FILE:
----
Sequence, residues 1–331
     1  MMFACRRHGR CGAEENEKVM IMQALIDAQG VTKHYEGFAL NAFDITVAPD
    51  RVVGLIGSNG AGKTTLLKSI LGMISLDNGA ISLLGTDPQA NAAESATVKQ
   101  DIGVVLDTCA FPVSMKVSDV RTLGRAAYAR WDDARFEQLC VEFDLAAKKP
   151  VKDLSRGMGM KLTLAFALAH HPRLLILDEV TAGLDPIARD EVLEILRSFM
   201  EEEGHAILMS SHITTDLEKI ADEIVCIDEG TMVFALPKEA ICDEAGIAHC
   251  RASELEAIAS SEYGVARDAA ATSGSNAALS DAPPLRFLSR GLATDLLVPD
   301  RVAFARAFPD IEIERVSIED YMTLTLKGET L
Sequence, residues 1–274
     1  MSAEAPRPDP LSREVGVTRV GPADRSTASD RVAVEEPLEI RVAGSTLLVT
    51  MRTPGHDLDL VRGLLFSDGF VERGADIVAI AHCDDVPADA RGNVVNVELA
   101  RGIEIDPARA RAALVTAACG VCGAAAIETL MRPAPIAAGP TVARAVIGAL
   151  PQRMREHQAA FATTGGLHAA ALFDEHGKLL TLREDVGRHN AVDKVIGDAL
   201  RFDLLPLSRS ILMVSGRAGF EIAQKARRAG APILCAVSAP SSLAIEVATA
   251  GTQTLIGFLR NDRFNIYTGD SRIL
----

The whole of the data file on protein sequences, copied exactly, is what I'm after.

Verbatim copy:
Sequence, residues 1–331
     1  MMFACRRHGR CGAEENEKVM IMQALIDAQG VTKHYEGFAL NAFDITVAPD
    51  RVVGLIGSNG AGKTTLLKSI LGMISLDNGA ISLLGTDPQA NAAESATVKQ
   101  DIGVVLDTCA FPVSMKVSDV RTLGRAAYAR WDDARFEQLC VEFDLAAKKP
   151  VKDLSRGMGM KLTLAFALAH HPRLLILDEV TAGLDPIARD EVLEILRSFM
   201  EEEGHAILMS SHITTDLEKI ADEIVCIDEG TMVFALPKEA ICDEAGIAHC
   251  RASELEAIAS SEYGVARDAA ATSGSNAALS DAPPLRFLSR GLATDLLVPD
   301  RVAFARAFPD IEIERVSIED YMTLTLKGET L
Sequence, residues 1–274
     1  MSAEAPRPDP LSREVGVTRV GPADRSTASD RVAVEEPLEI RVAGSTLLVT
    51  MRTPGHDLDL VRGLLFSDGF VERGADIVAI AHCDDVPADA RGNVVNVELA
   101  RGIEIDPARA RAALVTAACG VCGAAAIETL MRPAPIAAGP TVARAVIGAL
   151  PQRMREHQAA FATTGGLHAA ALFDEHGKLL TLREDVGRHN AVDKVIGDAL
   201  RFDLLPLSRS ILMVSGRAGF EIAQKARRAG APILCAVSAP SSLAIEVATA
   251  GTQTLIGFLR NDRFNIYTGD SRIL